COMMENTARYEconomic & Political Weekly EPW november 8, 200827writing on Wayanad in 1911, writes thus about them: The majority is illiterate but they are now sending their children to school. They are law-abiding and peaceful citizens living on the produce of their lands but are im-provident and always indebted to the clever Moplah moneylender of Sultan’s Battery…[Nair 1911/2000]. Unlike Kerala’s powerful communities, the Chettys remain divided; subgroups mentioned by authors in the early 20th century continue to exist (ibid: 50-57). Unification efforts, while not absent, remain unsuccessful. Ravindranath (2002) mentions the existence of a Wayanadan Chetty Service Society, and our inter-viewees have mentioned about their recent efforts to strengthen the community through alliances with powerful castes. In thelate 1990s, a group of educated Wayanadan Chettys apparently approached the power-ful Shetty community of Mangalore and a large meeting of the Chettys was organised at Panamaram, Wayanad, which was attended by representatives of the latter group. However, that initiative did not prosper. Soon, a Chetty Welfare Society was started with the view of offering smallloans to members of the community and encouraging small deposits. This too became defunct. As small farmers, this group seems to have borne the full brunt of the crisis, and the drying up of their incomes led to the closure of the bank. Early accounts of the Chettys claim that in contrast to their east-coast counter-parts, the Wayanadan Chettys enjoyed privileges similar to upper caste Nairs and non-polluting caste-status in pre-British Malabar and under colonial rule [ibid: 55-57;Innes 1908/1997: 123-24]. However, present self-perceptions of the Chettys about their place in the caste hierarchy are different,despite frequent references to “bettertimes” in the past in the interviews. A key activist of the SCAPA even remem-bered being teased at school for being a Chetty; she claimed that though this is infrequent now, …we are not a powerful group. I would say that there are no people more simple than us Chettys … we are not thought of as very important by anyone. There are very few of us who have gained really high education and employment, or made money by going to the Gulf. This probably explains the “things-fall-apart” scenario that surfaced in our inter-views with sickle-cell anaemia patients from the Chettys. They connected their illness to the extraordinarily bleak present in which the community was being reduced to “beggary”. The president of SCAPA told us: ... I had 2 acres and 88 cents of land. I have had to sell it, portion by portion, to treat this disease. Now I have just 40 cents … and debt so big that it cannot be repaid even if I had five acres to sell. Such sense of doom was absent in the narratives of illness by Paniyas and Kattunaykans, whose recent history has been one of continuous loss. Their accounts of the experience of illness were about how the disease trapped them in a vicious cycle of hunger and inability to labour. The Chetty interviewees interpreted this response as following from their being largely “simple folk”. On the one hand, historically, the Chettys do not seem to have acquired the capabilities to diversify their income sources under economic distress; on the other hand, such strategies are made increasingly difficult now precisely because the higher survivor rates among sickle-cell patients in the community mean that there is high demand for caregiving besides escalating costs of treatment, in a context in which the joint family system has ended. This means that a much higher share of time and energy, for families affected with the sickle-cell disease, will have to be spent on caregiv-ing and not on finding sources of income other than agriculture. Among the leading activists ofSCAPA, there are a few who have attained relatively better education and secured better chances of employment, who are severely limited by their illness. Indeed, researchers have found that of all the groups among which the sickle-cellgene has been found in India, the WayanadanChettys record the highest frequency[Feroze and Aravindan 2004].Counter-PublicTheSCAPA activists talked about the “com-munity” and, importantly, located their initiative outside the state and politics, though many of them had individual affili-ations to political parties. They spoke of the flimsiness of membership in the political public in the face of illness – some of the office-bearers are communist sympathis-ers, who, however, remarked that once the disease struck, they were forgotten. This experience of isolation was highlighted when they tried to explain why they did not expect much from political parties. However, rather than retreat into closed communities, the activists seemed inter-ested in transforming themselves into a counter-public. Perhaps, this is why local political parties appeared suspicious of theSCAPA. It is important, however, that the formation of this counter-public does not mean that community affiliations have been fully unhinged. Most importantly, the Chettys and tribals appear to be linked in a persisting moral economy that pre-dates the coming of the settlers. The history of development in tribal areas like Wayanad and Attappady are stories of tribal deprivation growing with govern-mental interventions [George and Krishnan 2006]. These have provided the conditions under which other forms of governance – in this instance, represented by Hindu mis-sionaries – began to incorporate the de-prived. The Swami Vivekananda Medical Mission at Muttil, in collaboration with the Department of Genetics, All India Institute of Medical Sciences, New Delhi, claims to have screened 60,980 persons and found 1,838 persons affected with anaemia and 8,228 persons with the sickle-cell trait (http://svmm.org/specialclinics.html). Both the web site and the annual report of the Medical Mission portray it as a “tribal dis-ease” though public health researchers have been clearly aware of its prevalence among the non-tribal Wayanadan Chetty population [Feroze and Aravindan 2001]. This is despite the well-known fact that the sickle-cell trait is a human genetic adapta-tion in areas, where malaria has been known to be endemic. The Medical Mission hospital has been the major agency offering care for the disease until recently. Treat-ment was free for tribals but not so for non-tribals. The Chetty activists expressed their ire at this, and felt that this was part of the Medical Mission’s effort to Hinduise tribal people in Wayanad. But the perception of such denial does not seem to be converting into resentment against the tribal peoples. We seem to bewitnessing, partly, the shaping of a biosocial community and counter-public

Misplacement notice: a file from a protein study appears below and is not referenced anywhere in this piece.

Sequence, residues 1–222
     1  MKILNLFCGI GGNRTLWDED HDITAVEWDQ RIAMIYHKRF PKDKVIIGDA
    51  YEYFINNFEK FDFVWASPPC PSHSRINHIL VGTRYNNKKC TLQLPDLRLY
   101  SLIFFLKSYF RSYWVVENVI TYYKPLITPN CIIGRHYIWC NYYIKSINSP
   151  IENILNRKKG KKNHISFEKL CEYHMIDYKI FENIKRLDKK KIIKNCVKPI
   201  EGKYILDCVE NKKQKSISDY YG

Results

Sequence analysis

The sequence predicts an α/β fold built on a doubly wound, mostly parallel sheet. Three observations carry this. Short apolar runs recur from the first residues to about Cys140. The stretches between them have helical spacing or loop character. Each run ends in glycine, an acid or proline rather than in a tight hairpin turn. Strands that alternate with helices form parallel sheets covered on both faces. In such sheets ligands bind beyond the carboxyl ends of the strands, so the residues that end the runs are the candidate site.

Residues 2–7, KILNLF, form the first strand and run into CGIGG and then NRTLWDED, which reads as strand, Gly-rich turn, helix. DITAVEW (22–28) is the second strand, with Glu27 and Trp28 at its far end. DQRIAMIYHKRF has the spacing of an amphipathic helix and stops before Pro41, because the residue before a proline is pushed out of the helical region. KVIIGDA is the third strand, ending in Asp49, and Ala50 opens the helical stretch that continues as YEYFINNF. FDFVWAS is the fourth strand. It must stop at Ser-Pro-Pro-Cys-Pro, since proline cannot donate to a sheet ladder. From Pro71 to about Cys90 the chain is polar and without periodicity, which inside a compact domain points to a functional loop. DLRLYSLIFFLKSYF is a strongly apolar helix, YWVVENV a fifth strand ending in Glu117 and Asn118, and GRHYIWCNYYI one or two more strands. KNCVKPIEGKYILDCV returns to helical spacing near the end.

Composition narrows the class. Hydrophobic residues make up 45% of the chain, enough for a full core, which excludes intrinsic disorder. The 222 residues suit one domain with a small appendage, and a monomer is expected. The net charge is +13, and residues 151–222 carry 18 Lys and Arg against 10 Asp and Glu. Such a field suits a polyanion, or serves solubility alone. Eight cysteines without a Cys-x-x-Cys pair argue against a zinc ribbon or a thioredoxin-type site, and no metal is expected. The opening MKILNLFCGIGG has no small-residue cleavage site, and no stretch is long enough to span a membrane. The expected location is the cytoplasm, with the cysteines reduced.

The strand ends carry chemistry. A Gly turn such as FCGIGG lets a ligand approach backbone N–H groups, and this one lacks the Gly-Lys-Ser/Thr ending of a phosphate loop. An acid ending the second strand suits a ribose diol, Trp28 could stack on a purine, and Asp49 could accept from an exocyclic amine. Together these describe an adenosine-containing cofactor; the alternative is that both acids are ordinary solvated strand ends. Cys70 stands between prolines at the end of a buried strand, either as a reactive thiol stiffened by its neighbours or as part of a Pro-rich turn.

COMMENTARYnovember 8, 2008 EPW Economic & Political Weekly28[Rabinow 1996], one with claims of the capability to transform existing govern-mental categories and possessing exclusive knowledge of living with the disease, which, however, only blurs, not obliterates, local social boundaries.Researchers have noted that the Paniya tribal people were once bonded labourers to Chetty landowners. The lack of resent-ment noted above is probably related to the persisting “moral economy”: Chetty land-owners who had abandoned rice-farming in 2000 “reciprocated positively to the plea of the Paniya and Naykan households for sharecropping their land” [Nair et al 2007]. Both groups share deep distrust of settlers – our interviewees persistently constructed a shared history of loss. Feroze and Aravindan (2004) observe that higher the access to social development, the better the chances are for sickle-cell patients to sur-vive. The times indicated in these accounts, three generations back, may have been the pre-health transition period which may have masked the prevalence of sickle-cell anaemia in both Chetty and tribal people. In this case, this shared history of loss seems to work in such a way that those social rela-tions that structure “insider-outsider” rela-tions work against producing stigma. Stigma, especially of disease, has been identified as such relations that lead to the identification of the “outsider” as undesirable or dangerous [Takahashi 1998]. In this account, it is the “outsider” implied who is held guilty – the settler from the plains. No wonder that the sense of“we”,when it appears in the speech of our interviewees, seemed to refer at timesto the Chetty, and at other times, to a new community of sickle-cell anaemia patients, taking shape across blurred community boundaries.Community DemandsNot surprisingly, then, the demands of the SCAPA go well beyond better healthcare fa-cilities into “community demands”. They include reservation in educational institu-tions for sickle-cell anaemia-affected chil-dren and children of such parents, reserva-tion of government jobs and debt relief, be-sides the expansion of public facilities for detection and treatment. Each of these de-mands is justified by the activists as neces-sary to achieve relief from and control of the disease. The secretary of SCAPA argued that all children who have sickle-cell anae-mia deserve reservation in educational in-stitutions since they are more likely to drop out because schools are often far away and hunger is now endemic in Wayanad. This, she pointed out, affects awareness creation. Reservation in government services is de-manded as support for those who cannot do exhausting physical labour. The activists argued that debt makes it impossible for families to attend to the health needs of members who are patients. It is indeed striking that these demands – the weakness induced by the disease on the individual body, and the weaknesses suffered by the community in its failure to transform itself into a unified and economi-cally powerful interest group – immediately refer to each other. Sickle-cell anaemia works here as an elaborate metaphor ex-pressing the contemporary experience of the community: as a SCAPA activist elo-quently remarked, what had been a benefi-cial genetic adaptation became a terrible drain to the Chettys; social development that ensured entry into citizenship to all others had paradoxical results for them. This may resemble the history of sickle-cell anaemia patients’ activism in the US, where the disease was read as a metaphor for the historical experience of the African- American community [Tapper 1995]. But as mentioned earlier, in the activists’ narra-tives, the “community” referred to keeps shifting between the Chettys and the emer-gent biosocial community. Also, the bioso-cial community seems to hold out the pros-pect of transforming the way in which gov-ernmental categories are inhabited. The activists argue that they are for the inclu-sion of sickle-cell among “disabled per-sons”, a well-accepted governmental cate-gory, which, they feel, may be transformed into a platform to put pressure on the state.Contrasting ApproachesThe contrast between the manner in which the state and public health authorities, and the members of the SCAPA approach the dis-ease is best evident in their observations on the Comprehensive Care for Sickle-Cell Anaemia Patients in Wayanad and Attappady (CcSCWA), an extensive project aimed at im-proving the facilities for detection and treat-ment of the disease in district and primary level hospitals in Wayanad and Attappady. Through the project, now supported by the National Rural Health Mission, facilities for detection are being set up in district hospitals and primary health centres; drugs effective in controlling infections and other manifesta-tions are being distributed; doctors and para-medical personnel are being trained to han-dle sickle-cell anaemia; screening activities are being conducted and a database is being built at the Calicut Medical College which is supervising its implementation. Interestingly, both the members of the SCAPA and the doctors involved in plan-ning and implementing the project regard it as the fruit of their labour. The medical researchers from Calicut Medical College consider the project to be an outcome of their efforts; the activists regard it as the government’s response to their agitation for better facilities in the public sector, since 2005. They spoke of the dharna they had organised in front of the secretariat of sickle-cell sufferers – mainly children – to make their plight public in February 2006 (Indian Express, Kochi, February 2, 2006) and of their petition to the chief minister of Kerala, who announced financial aid of Rs 20,000 to each affected person. This was not a solution, though it en-couraged many people to undergo screen-ing. An office-bearer of the SCAPA re-marked that they had evinced keen interest in this project but they were granted no creative role in it. The complaints raised were not against the project per se, but that the given frame renders the sickle-cell anaemia sufferer passive. Here, the SCAPA’s sociological understanding of the disease stands in sharp contrast with the epidemiological view. Also, public health-care was valued also because “government doctors” were rated as “patient, concerned, and kind”. However, they insisted that doctors did not have the knowledge they possessed – of the experience of living with the disease, which they consider to be equally important. Women members stressed that for women, sickle-cell anaemia poseda wholly different set of anxieties, which may be alleviated only by women health-care professionals. Besides, the SCAPA members also seek to position themselves as active citizens medi-ating between the state/public health autho-rities and the masses. A SCAPA member cited a recent instance in which a teenager,